Tommy gives a ferocious look.

Tommy: If I wasn’t so tired I’d poke you in the beezer.

(He flops into a chair.)

Bertie, idly: How’d you get in?

Tommy: I walked!

Bertie: All the way?

Tommy: Naw. It was this way. I’d grab every train that came along, then when the conductor would come for my ticket, I’d tell him I’d lost it. They’d kick me off, but I’d be that much further down the line. I did that seven times and made four miles that way. But finally one of ‘em stopped the train, ‘stead of throwin’ me off while it was runnin’ like the rest had done.

Bertie: That was kind of him.

Tommy, bloodthirsty: Yeah, I’ll say so! They stopped in a yap town and had me pinched. They put me in the hoosegow and I’d be there yet only the cop was a Prohibition officer and was so drunk he did not lock the door. Then I walked about twelve miles till I caught a ride on a wagon.

Bertie: That shows that there’s always people kind and ready to assist even a hobo. Why didn’t you ride on it?

Tommy: Because the bird driving the wagon saw me and kicked me off. Then I walked and walked and walked, and then I walked some more. I got blisters on my feet till it felt like I was walking on watermelons.

Bertie: Did it rain all the time?

Tommy: Naw, sometimes it sleeted or snowed. The roads were so rotten that I waded three miles down a creek thinking it was a road. I didn’t find my mistake till a farmer came and beat me up for trespassing on private property. Once I got lost and walked seventeen miles in the opposite direction before I found out different. (He waxes eloquent) Gaze on me; a living example of the injustice of the American railroad corporations. I wore out my shoes and swiped these off a sleeping hobo; I lived on standpipe julep and garbage. My clothes are worn out and I lost the ring for which I paid Woolworth a week’s salary. And they call this a free country!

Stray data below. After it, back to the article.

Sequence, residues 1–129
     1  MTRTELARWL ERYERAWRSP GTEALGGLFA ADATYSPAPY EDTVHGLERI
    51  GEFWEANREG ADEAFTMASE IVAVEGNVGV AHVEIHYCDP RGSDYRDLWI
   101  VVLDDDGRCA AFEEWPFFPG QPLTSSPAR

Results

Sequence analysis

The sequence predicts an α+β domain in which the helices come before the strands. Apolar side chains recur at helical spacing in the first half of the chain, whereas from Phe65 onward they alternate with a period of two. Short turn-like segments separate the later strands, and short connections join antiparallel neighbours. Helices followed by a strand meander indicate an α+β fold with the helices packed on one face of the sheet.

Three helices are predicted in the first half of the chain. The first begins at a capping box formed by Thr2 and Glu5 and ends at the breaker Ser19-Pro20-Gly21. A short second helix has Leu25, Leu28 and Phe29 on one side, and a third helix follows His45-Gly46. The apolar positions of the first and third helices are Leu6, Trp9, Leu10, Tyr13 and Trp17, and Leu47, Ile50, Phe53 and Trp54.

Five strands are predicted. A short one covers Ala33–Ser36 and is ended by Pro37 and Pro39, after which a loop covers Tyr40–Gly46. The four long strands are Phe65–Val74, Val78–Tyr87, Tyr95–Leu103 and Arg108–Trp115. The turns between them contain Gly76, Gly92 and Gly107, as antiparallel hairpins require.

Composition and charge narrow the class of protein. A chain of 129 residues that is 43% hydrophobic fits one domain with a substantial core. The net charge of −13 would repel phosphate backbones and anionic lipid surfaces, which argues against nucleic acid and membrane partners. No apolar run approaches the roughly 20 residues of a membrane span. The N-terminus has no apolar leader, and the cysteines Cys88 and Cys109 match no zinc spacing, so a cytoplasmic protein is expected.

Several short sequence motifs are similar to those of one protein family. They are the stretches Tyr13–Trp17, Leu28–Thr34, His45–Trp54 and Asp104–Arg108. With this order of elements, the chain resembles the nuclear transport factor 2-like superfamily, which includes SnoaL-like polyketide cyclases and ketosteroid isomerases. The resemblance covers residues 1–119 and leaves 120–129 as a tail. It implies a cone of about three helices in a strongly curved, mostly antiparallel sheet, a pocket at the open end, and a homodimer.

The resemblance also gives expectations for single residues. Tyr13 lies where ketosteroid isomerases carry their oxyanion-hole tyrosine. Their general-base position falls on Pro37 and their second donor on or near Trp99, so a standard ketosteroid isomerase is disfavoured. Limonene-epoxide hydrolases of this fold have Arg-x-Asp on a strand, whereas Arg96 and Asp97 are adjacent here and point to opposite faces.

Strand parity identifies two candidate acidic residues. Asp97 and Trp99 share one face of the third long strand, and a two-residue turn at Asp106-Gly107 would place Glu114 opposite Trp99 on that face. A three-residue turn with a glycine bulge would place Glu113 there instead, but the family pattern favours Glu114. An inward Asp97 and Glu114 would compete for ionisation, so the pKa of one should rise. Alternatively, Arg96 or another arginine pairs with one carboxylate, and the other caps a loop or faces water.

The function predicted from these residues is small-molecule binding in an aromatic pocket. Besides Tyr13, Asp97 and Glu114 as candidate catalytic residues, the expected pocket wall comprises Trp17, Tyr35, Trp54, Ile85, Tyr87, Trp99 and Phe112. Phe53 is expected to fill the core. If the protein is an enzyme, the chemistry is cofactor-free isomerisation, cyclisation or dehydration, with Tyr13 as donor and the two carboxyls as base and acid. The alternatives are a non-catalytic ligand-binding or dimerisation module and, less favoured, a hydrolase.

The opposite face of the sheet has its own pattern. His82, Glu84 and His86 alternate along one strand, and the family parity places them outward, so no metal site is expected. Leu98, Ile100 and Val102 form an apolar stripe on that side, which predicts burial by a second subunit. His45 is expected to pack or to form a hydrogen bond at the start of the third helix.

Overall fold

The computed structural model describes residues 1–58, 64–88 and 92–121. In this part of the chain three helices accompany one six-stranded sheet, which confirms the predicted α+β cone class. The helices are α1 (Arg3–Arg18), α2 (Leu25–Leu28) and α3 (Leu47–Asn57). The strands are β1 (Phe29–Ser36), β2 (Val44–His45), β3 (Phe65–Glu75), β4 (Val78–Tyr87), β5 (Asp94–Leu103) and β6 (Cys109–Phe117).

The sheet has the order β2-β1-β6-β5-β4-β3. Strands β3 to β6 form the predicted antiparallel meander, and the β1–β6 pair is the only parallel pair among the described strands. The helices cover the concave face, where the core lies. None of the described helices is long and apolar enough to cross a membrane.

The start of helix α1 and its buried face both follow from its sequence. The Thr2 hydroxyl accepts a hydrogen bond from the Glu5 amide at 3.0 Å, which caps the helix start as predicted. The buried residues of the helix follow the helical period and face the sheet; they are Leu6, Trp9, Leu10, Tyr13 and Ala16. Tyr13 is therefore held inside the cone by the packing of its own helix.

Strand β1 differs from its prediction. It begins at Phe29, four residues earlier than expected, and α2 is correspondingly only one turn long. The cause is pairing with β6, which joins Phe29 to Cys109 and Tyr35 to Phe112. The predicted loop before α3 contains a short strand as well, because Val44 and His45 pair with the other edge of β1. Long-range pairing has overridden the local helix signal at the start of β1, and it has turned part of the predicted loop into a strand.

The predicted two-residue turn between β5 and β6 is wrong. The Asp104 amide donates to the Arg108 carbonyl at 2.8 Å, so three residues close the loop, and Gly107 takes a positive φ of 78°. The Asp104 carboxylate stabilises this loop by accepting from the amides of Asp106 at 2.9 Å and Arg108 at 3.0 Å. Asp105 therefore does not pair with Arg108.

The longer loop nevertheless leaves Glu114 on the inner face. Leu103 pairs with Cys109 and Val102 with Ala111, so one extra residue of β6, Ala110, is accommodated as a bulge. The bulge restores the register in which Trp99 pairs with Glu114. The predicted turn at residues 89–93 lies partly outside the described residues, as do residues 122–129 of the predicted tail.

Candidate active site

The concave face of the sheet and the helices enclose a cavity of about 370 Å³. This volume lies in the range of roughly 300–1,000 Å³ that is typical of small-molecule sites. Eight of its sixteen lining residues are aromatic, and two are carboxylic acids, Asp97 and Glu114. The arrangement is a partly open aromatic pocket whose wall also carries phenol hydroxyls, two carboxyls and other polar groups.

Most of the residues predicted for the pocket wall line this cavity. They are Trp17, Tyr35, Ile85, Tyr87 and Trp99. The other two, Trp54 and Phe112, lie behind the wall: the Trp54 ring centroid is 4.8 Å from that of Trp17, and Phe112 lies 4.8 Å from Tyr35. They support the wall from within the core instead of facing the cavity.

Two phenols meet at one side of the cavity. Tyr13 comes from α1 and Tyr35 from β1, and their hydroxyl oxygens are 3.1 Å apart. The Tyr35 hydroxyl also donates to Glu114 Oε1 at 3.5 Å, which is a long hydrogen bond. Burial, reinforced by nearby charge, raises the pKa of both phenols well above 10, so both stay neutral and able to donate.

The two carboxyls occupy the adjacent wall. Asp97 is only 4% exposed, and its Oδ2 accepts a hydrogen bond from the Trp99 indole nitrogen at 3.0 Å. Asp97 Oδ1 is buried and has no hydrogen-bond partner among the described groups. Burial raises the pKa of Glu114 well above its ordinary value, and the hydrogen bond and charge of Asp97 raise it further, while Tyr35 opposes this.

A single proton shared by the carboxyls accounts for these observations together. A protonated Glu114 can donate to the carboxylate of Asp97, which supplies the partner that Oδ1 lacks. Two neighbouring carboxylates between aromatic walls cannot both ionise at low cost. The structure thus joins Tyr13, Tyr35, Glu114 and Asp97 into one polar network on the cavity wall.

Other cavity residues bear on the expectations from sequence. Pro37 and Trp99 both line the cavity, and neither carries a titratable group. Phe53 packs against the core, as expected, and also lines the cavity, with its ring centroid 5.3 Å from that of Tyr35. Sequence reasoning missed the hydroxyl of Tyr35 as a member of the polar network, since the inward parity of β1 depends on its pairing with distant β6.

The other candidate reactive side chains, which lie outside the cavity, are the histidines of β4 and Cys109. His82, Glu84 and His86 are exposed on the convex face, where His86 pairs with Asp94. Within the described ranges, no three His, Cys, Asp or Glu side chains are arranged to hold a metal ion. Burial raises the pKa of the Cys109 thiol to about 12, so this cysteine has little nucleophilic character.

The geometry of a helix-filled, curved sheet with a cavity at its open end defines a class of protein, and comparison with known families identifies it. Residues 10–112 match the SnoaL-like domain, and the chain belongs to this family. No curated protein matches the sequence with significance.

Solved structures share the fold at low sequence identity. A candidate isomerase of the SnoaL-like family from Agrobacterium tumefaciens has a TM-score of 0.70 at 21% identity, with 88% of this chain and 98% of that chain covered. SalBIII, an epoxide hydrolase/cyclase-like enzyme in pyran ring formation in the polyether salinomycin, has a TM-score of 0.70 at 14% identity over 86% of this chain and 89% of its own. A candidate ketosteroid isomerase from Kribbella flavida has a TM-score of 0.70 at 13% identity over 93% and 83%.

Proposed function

Bertie laughs. He laughs with much gusto.

Bertie: Ha! Ha! Haw! Haw! He! He! Say, that’s the best joke I’ve heard of in a long time. Ha! Ha!

Tommy: What joke?

Bertie: Why, just after the conductor threw you off. I found your ticket in my coat.

Exeunt.

This work is in the public domain in the United States because it was legally published within the United States (or the United Nations Headquarters in New York subject to Section 7 of the United States Headquarters Agreement) before 1964, and copyright was not renewed.
For Class A renewals records (books only) published between 1923 and 1963, check the Stanford Copyright Renewal Database and the Rutgers copyright renewal records.
For other renewal records of publications between 1922 - 1950 see the Pennsylvania copyright records scans.
For all records since 1978, search the U.S. Copyright Office records.

The author died in 1936, so this work is also in the public domain in countries and areas where the copyright term is the author's life plus 75 years or less. This work may also be in the public domain in countries and areas with longer native copyright terms that apply the rule of the shorter term to foreign works.


Works published in 1926 would have had to renew their copyright in either 1953 or 1954, i.e. at least 27 years after it was first published / registered but not later than 31 December(31 December) in the 28th year. As it was not renewed, it entered the public domain on 1 January 1955(1 January 1955).